3. Just a few weeks later, the Dolphins signed a 4-year extension with Tannehill, adding the ’17, ’18, ’19 & ’20 seasons, detailed in the blue section of the spreadsheet.

a. The new total deal — from the date of signing the extension to the end — was now for 6 years (’15-’20).

b. The Dolphins negotiated the option year (2016) DOWN from $16m to $9.34m.

c. The amortization schedule for the original signing bonus from 2012 did not change – 1.913m per year x 4 years. (What’s important here is that it was NOT extended to cover any of the new contract years).

d. Tannehill received a signing bonus of $11.5m that was prorated across FIVE seasons (2015 – 2019) at rate of $2.3m per year.

i. Note that the final year of the contract (2020) was 6 years out, so no pro-rated bonus.

ii. Note that 2015 pro-rated bonus is now $4,213,364 (1,913,364 from rookie deal + 2,300,000 from extension).

iii. The two signing bonuses are calculated separately.

4. You can see from the spreadsheet the TOTAL VALUE of each of the three situations:

a. Rookie deal = $12,668,502

b. After 5th year option = $28,668,502

c. After extension = $105,823,502

It was widely reported at the time that Tannehill received $77m in “new money”. The spreadsheet shows you that this was the money added to the Tannehill deal AFTER the 5th year option had been exercised.

Important to this discussion, one had to be conversant with Tannehill’s situation prior to the extension to be able to backtrack all of this. Because the 2016 salary was re-negotiated, there’s no way to look at the final chart (the blue one on my spreadsheet) retrospectively and figure out where exactly the new money is.

5. This is how OTC described the contract extension:

Total Value: $77,000,000 (avg. $19,250,000/year; $21,500,000 fully guaranteed)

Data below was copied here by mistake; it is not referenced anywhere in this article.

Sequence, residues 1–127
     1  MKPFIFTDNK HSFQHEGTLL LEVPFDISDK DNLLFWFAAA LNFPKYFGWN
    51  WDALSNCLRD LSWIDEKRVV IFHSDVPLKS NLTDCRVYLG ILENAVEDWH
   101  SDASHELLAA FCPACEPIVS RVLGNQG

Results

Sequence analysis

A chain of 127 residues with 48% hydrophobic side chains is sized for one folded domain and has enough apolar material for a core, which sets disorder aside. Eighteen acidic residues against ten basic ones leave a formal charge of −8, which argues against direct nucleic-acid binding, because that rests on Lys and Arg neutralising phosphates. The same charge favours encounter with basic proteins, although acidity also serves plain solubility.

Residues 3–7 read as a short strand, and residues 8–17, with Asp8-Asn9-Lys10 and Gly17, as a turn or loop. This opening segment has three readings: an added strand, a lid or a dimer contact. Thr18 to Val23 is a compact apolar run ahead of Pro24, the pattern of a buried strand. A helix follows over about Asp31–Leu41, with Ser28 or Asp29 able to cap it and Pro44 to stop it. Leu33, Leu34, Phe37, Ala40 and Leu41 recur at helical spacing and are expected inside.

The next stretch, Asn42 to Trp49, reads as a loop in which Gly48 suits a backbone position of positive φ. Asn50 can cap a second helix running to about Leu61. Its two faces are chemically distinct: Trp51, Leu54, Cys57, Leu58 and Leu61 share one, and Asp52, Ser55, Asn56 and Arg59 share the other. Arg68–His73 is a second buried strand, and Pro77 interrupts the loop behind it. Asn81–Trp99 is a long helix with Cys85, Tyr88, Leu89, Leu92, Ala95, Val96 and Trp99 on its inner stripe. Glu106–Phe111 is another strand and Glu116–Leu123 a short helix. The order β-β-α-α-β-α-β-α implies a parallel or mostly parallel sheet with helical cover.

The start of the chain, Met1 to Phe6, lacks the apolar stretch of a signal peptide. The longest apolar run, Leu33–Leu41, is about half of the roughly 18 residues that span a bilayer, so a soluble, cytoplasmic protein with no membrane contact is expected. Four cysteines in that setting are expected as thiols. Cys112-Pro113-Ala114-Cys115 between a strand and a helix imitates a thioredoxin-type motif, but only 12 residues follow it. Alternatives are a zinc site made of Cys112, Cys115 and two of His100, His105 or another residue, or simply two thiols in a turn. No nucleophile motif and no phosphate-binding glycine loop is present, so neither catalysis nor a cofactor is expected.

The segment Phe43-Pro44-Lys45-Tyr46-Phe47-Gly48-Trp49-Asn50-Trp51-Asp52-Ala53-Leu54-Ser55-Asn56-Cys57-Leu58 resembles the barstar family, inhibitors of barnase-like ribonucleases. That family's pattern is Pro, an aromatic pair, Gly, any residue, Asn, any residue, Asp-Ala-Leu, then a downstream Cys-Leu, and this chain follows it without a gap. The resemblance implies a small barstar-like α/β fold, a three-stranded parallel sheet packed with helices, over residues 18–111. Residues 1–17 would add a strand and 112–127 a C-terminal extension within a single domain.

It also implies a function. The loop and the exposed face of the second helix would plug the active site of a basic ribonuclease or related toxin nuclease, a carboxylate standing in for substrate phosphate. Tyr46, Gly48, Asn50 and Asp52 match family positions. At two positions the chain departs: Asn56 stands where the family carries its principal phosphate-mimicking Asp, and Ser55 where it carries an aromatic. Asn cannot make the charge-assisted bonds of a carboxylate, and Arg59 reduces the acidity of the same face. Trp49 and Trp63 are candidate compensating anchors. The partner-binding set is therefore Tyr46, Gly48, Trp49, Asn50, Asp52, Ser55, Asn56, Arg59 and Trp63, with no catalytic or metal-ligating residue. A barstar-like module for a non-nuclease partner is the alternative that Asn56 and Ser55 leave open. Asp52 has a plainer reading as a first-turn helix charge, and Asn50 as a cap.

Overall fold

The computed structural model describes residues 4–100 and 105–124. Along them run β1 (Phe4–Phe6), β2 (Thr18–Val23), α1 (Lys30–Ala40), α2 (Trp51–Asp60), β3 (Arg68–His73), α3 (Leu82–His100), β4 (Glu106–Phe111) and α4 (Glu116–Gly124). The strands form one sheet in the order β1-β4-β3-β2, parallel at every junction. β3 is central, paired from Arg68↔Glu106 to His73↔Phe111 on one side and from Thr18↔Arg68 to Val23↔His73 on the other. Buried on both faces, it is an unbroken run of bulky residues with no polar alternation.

This tells us that his formula for APY was:

Total New Money (77m) / New Years (4)

If you’ve stayed with me this far, you might be asking yourself why you bothered.

“So what?” you might ask, “why does any of this matter?”

The importance is in how this impacts the reporting of NFL contracts in the media, and the way we compare them.

If you look at any source to find out the “value” of Tannehill’s contract, it is reported this way:

4 years, $77million, $19.25m APY

But, in my view at least, none of these three numbers tells you what you really want to know. The reason is that — although Tannehill never got paid $16million for his 2016 option year — because the money was technically owed to him before this extension was signed, (i) the 2016 year, and (ii) the $16m he didn’t get paid are omitted when this extension is reported.

What REALLY happened, is that Tannehill signed a 5-year extension to his original 4-year contract. The total value of those 5 new years was just over $93m. The APY of that deal should have been ($93.155m / 5) $18.63m.

So, the value of Tannehill’s extension was really:

5 years, $93milllion, $18.63m APY

which is significantly different to what is routinely reported.

This raises the question: Why don’t journalists adjust their reporting to reflect the “real” numbers?

In short, it’s not practical. With pro-rated bonuses, options, re-negotiations, differing rookie contracts based on draft position, and many other variables thrown in, there’s no good way to bring every current player contract that has been extended onto a “level playing field”.

Because of this, the normal practice in sports journalism is the only practical one: each contract extension is reported on its raw numbers, despite the fact that it may lead to some misleading comparisons when fans look at the contracts of two or more NFL players.

It’s just another reminder that NFL contracts are complex documents that can’t be compared easily. Numbers like total value, APY and total guarantee, while generally useful, are also imperfect metrics, and often lead to oversimplified comparisons of players.

It’s something to keep in mind as we enter the red-hot portion of the free agency season with the Kirk Cousins contract on the front burner.